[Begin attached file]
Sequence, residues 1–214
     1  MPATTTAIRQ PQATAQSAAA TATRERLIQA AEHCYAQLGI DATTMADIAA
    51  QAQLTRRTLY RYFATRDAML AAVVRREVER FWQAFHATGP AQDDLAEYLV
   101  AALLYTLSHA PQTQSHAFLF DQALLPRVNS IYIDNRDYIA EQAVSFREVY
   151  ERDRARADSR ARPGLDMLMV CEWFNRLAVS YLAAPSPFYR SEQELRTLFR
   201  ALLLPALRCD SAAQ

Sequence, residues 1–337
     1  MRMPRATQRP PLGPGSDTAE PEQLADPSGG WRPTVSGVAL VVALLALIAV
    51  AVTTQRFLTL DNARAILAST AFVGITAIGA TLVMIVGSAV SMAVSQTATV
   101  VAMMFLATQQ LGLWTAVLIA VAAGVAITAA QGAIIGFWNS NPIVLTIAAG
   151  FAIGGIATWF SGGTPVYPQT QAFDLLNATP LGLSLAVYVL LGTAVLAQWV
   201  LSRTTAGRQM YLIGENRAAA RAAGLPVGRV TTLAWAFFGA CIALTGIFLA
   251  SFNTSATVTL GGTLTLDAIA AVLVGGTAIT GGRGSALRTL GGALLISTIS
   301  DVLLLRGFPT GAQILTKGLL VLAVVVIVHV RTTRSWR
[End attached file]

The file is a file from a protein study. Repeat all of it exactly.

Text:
Sequence, residues 1–214
     1  MPATTTAIRQ PQATAQSAAA TATRERLIQA AEHCYAQLGI DATTMADIAA
    51  QAQLTRRTLY RYFATRDAML AAVVRREVER FWQAFHATGP AQDDLAEYLV
   101  AALLYTLSHA PQTQSHAFLF DQALLPRVNS IYIDNRDYIA EQAVSFREVY
   151  ERDRARADSR ARPGLDMLMV CEWFNRLAVS YLAAPSPFYR SEQELRTLFR
   201  ALLLPALRCD SAAQ

Sequence, residues 1–337
     1  MRMPRATQRP PLGPGSDTAE PEQLADPSGG WRPTVSGVAL VVALLALIAV
    51  AVTTQRFLTL DNARAILAST AFVGITAIGA TLVMIVGSAV SMAVSQTATV
   101  VAMMFLATQQ LGLWTAVLIA VAAGVAITAA QGAIIGFWNS NPIVLTIAAG
   151  FAIGGIATWF SGGTPVYPQT QAFDLLNATP LGLSLAVYVL LGTAVLAQWV
   201  LSRTTAGRQM YLIGENRAAA RAAGLPVGRV TTLAWAFFGA CIALTGIFLA
   251  SFNTSATVTL GGTLTLDAIA AVLVGGTAIT GGRGSALRTL GGALLISTIS
   301  DVLLLRGFPT GAQILTKGLL VLAVVVIVHV RTTRSWR